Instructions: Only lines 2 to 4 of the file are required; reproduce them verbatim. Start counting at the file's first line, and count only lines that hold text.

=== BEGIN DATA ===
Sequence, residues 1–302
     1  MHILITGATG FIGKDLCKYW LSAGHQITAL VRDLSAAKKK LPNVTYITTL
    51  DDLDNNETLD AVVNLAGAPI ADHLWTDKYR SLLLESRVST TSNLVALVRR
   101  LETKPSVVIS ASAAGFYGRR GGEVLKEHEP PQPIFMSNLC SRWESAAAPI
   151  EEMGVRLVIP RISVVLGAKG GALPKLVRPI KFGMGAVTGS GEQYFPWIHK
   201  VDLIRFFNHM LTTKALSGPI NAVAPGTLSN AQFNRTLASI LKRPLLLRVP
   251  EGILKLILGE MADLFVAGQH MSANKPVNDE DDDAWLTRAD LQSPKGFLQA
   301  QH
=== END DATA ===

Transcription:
     1  MHILITGATG FIGKDLCKYW LSAGHQITAL VRDLSAAKKK LPNVTYITTL
    51  DDLDNNETLD AVVNLAGAPI ADHLWTDKYR SLLLESRVST TSNLVALVRR
   101  LETKPSVVIS ASAAGFYGRR GGEVLKEHEP PQPIFMSNLC SRWESAAAPI